The app also changes the tone or verbal complexity if necessary. As Darcy explains, someone who is in a really difficult emotional state has less cognitive abilities to analyze long, complex sentences, so Woebot’s verbosity drops and the warmth in tone is retained while there is less humor in it.
âMany people assume that Woebot is passively aware of the user’s emotional state [using sentiment analysis techniques] but we declared from day one that we weren’t going to do that, âsays Darcy.
âWoebot asks the user how they are feeling because it is more important to allow the user to experience their emotional self than for Woebot to recognize their emotional state. Telling a person that they sound angry, for example, can make them defensive and make them withdraw. ”
Another way AI can be empathic is to be there when it’s needed most. Woebot has developed a separate application to be used by women monitoring their wellbeing during pregnancy and for mental health after childbirth. Darcy says that 78 percent of all postpartum conversations happen between 10 p.m. and 5 a.m., times when new mothers don’t get a lot of sleep and talk. During these times it may be impossible to find a therapist, so this chatbot provides a lifeline.
While some think smart chatbots can’t interact with someone on a real therapist level, Woebot’s peer-reviewed study of 36,000 of its users suggests otherwise. It has been found that within three to five days of use, the user establishes a therapeutic connection with Woebot that was previously thought to be unique from person to person.
And while it seems counterintuitive, other studies suggest that people feel more relaxed about sharing personal information with an AI unit than they would another human, says Paul Sweeney, EVP of Product at conversational middleware platform Webio.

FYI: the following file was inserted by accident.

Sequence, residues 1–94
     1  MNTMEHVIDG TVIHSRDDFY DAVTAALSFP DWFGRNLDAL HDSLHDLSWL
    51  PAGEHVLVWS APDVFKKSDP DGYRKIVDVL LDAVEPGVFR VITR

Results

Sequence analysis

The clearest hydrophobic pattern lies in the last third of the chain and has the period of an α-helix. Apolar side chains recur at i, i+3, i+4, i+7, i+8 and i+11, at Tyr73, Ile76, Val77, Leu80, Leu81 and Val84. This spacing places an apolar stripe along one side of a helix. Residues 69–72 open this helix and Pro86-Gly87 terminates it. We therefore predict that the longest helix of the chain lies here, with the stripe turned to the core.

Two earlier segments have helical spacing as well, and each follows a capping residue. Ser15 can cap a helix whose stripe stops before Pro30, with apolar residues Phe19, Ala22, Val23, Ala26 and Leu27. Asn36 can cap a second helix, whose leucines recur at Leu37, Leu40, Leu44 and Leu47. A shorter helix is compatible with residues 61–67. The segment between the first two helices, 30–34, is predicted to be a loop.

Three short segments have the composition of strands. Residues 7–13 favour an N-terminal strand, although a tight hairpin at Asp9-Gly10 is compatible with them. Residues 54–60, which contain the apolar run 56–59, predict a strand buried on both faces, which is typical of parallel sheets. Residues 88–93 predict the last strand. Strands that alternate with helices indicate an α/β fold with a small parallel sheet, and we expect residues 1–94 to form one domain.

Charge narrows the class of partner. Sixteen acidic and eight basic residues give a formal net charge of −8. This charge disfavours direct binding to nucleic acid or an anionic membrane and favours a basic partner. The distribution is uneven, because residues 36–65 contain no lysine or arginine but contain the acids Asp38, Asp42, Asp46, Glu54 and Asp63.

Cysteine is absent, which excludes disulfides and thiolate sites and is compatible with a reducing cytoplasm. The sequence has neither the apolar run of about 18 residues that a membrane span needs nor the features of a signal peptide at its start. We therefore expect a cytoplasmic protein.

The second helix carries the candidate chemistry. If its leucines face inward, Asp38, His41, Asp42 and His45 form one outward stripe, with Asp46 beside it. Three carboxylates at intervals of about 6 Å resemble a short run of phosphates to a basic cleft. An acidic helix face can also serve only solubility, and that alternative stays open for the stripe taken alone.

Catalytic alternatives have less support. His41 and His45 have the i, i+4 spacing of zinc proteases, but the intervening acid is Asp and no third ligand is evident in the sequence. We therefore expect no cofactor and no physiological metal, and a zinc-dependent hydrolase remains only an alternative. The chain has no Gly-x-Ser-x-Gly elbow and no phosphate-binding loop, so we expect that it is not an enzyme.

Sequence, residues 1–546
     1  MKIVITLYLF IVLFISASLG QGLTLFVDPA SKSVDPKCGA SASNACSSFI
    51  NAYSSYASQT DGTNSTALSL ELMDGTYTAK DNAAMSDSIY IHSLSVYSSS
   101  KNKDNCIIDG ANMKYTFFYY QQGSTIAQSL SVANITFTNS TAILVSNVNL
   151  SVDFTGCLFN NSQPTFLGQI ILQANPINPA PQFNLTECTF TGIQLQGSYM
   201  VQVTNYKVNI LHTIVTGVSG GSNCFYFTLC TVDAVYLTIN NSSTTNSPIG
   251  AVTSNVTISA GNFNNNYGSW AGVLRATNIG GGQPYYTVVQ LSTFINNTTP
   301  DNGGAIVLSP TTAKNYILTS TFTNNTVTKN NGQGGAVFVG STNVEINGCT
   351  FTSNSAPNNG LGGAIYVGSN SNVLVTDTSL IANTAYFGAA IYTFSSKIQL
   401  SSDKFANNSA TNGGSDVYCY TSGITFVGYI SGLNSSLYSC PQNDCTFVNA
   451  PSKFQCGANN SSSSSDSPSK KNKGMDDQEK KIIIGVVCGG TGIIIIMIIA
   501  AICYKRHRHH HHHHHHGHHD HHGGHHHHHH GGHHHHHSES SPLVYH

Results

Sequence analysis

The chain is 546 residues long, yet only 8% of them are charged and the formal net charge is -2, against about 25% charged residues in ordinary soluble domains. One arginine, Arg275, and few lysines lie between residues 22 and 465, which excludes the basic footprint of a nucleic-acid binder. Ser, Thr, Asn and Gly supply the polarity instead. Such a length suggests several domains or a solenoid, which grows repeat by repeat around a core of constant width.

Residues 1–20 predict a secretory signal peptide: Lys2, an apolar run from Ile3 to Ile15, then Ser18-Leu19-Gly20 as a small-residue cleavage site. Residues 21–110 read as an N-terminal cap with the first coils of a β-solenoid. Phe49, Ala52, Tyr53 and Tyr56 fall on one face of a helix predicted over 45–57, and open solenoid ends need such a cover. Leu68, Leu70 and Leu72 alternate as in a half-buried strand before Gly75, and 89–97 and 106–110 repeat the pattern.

âIt’s easier to tell a smart assistant about sensitive issues like financial difficulties than it is to someone on the other end of the phone,â he says.
Webio creates intelligent chatbots for customers in the financial sector. These chatbots are far more advanced than the traditional FAQ or rule-based ones found on many websites. Customers can train a unique chatbot on their company data to teach them how to interact more effectively with their customers, and similar to Woebot’s functionality, the tone or formality of the language can be tweaked.
âJust changing the language can help. One of our clients saw a 30 percent improvement in responses because we changed the tone of voice and language.
âWebio automates human contact with customer service. The interface knows when it can’t help you and automatically connects you to a human agent who can. And over time, as long as a person is on the loop and making better decisions, it gets better, âsays Sweeney.
The emotionally intelligent part of Webio’s technology is that it can tell if a customer is afraid to pay for their credit card, for example. Part of the natural language processing techniques used include vulnerability analysis. For example, older customers can be more vulnerable and their request is therefore prioritized.
Sweeney is interested in other, as he puts it, more “noticeable” types of emotional AI, such as real-time recognition of speech feelings that uses voice biomarkers such as tone, stress levels, and emotional content. You can be very specific, he says, but this area will be tense and we must proceed with caution.
âPeople can say things they don’t mean. You can use idioms that mean one thing to you and another to you. You have to be very careful how these technologies are used.
âThe point of an emotionally intelligent AI is not to dazzle, but to understand the person and unobtrusively anticipate their needs in the context of the service they provide. Relax, be more welcoming, open and empathetic, use language better – and then invite people to talk. “